A Social History of Danish Archaeology (Reprint with New Epilogue)

  • Kristian KristiansenEmail author


Thirty years ago when I wrote “A social history of Danish Archaeology,” I concluded optimistically that archaeology was moving away from national history toward world history, linked to the expansion of a global economy. My own contribution was “Europe before History” from 1998. I also observed that professional archaeologists had taken the place of former historical activists and amateurs in managing museums and archaeological societies, and that the secondary audience for archaeology, the passively interested middle-class, was expanding and consuming history more than ever. A few years later, I analyzed the role of archaeological popularisation, nationalism and politics, concluding that nationalism was still the dominant framework. However, I saw the EU as a way out of nationalism. New expanding arenas for archaeological/historical consumption were the many new reconstructed archaeological environments and historical enactments that activated an interested middle-class in new, exciting ways. Activism had returned in new shapes. Consequently, I predicted a decline of traditional museums at the expense of such new “realistic” historical environments that reenacted both history and prehistory, and I saw, along with many other colleagues, cultural tourism linked to the presentation of real archaeological and historical monuments as the driving economic force in archaeological heritage. Finally, I recently concluded in a somewhat defeatist mode that the national framework for archaeology in Europe dominated research and the perception of the past more than ever.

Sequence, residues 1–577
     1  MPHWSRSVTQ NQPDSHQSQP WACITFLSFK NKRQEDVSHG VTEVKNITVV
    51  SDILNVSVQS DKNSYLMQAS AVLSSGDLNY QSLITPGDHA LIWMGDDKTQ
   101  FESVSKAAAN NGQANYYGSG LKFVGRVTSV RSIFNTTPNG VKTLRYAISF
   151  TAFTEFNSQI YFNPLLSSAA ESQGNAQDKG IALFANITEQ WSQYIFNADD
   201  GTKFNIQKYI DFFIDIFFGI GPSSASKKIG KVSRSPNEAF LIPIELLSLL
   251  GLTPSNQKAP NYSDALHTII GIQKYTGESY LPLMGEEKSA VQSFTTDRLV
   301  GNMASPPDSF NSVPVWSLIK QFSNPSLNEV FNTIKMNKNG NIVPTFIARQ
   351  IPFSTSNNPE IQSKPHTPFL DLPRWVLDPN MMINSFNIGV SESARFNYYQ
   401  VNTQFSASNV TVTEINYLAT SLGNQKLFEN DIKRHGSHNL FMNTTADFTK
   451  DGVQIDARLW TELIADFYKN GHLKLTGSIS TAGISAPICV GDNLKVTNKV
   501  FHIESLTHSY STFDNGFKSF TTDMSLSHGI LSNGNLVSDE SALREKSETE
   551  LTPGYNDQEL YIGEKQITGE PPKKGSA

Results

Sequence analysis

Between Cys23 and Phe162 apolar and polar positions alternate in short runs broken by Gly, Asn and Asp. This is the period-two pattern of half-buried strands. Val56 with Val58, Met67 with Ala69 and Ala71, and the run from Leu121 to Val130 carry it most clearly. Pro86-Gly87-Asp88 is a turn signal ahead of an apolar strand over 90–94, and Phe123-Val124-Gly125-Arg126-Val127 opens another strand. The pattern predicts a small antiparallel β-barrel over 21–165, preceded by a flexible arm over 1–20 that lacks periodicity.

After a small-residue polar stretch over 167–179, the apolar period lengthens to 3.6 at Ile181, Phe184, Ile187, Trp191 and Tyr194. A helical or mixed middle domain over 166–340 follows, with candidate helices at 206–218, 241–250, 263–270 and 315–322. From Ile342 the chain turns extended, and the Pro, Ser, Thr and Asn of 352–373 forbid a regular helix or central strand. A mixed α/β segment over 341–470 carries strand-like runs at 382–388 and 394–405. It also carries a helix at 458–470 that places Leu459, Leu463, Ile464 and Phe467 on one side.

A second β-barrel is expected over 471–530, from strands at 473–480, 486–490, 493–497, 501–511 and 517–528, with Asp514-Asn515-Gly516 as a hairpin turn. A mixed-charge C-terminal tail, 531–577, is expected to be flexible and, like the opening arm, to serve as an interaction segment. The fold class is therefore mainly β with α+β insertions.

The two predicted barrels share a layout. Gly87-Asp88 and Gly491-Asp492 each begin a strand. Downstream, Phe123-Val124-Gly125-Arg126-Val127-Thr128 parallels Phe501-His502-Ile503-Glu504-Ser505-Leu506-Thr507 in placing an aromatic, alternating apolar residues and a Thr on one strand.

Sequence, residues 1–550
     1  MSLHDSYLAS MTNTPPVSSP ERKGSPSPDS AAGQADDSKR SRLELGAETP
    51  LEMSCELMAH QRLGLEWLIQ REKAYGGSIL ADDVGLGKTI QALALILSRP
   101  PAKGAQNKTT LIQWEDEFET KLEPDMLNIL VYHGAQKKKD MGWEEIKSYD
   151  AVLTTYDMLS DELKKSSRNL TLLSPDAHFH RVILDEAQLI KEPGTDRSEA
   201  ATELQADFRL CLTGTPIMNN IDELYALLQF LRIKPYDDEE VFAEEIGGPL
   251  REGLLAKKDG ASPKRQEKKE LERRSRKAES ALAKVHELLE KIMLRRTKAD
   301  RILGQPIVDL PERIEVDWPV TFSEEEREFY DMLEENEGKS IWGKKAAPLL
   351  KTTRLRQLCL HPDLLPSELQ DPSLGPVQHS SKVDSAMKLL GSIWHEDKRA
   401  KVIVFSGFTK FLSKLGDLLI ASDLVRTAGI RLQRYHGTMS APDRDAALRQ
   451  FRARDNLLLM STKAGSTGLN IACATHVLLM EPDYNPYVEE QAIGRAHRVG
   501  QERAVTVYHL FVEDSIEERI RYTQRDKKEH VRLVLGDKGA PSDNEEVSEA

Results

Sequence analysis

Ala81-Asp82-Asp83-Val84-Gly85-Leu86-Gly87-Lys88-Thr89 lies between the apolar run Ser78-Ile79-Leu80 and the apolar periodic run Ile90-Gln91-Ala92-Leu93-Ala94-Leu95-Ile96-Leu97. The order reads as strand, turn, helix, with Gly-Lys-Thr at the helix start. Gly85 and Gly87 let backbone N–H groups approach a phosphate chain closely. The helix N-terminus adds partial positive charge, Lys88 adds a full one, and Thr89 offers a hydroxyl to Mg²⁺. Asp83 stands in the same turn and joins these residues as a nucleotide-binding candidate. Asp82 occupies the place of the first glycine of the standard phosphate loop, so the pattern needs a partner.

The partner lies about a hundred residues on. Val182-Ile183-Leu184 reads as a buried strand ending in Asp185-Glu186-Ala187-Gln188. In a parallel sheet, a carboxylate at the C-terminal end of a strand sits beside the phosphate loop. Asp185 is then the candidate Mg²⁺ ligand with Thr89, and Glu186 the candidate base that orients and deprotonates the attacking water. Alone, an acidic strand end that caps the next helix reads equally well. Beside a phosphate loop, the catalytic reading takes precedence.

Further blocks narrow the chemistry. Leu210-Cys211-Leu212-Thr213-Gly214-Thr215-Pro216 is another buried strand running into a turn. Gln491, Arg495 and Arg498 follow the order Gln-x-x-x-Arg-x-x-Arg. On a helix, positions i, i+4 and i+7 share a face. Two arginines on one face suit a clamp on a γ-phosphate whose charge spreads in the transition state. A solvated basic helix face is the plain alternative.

National Museum Archaeological Research Private Collection Industrial Capitalist Cultural Tourism 
These keywords were added by machine and not by the authors. This process is experimental and the keywords may be updated as the learning algorithm improves.



During my research, the archives and the library of Department One of the National Museum in Copenhagen have been sources of information to which I constantly returned, and my thanks go to all the staff for their hospitality and friendliness throughout the years. In preparing this paper the ‘Private Collections’ section of the archive was put at my disposal, as well as the records of earlier meetings of the Royal Commission for the Preservation of Northern Antiquities from 1807 to 1834 stored in Department Two. I was allowed to consult member lists of the Royal Society of Northern Antiquaries, which have been published regularly since its inception in 1825. I am specially indebted to Bifgitte Kjær of the Old Town Museum in Aarhus, who permitted me to read her Ph. D thesis ‘The Foundation of the first provincial Museums in Denmark in the Middle of the 19th Century from which I benefited greatly Kjær 1974. My thanks also go to Holger Rasmussen of Department Three of the National Museum, for giving me access before publication to his manuscript about history of Danish museums (Rasmussen 1979), and the same applies to Sven Thorsen, of the Administration of Ancient Monuments and Sites Thorsen 1979, and Jorgen Street-Jensen of the university library in Aarhus (Street-Jensen 1979). Finally, it gives me special pleasure to express my gratitude to Ole Klindt-Jensen posthumously alas and Peder Mortensen, both of the University of Aarhus, who always aided my research in every possible way officially and personally, since my early student years.


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Authors and Affiliations

  1. 1.Department of Historical StudiesUniversity of GothenburgGothenburgSweden

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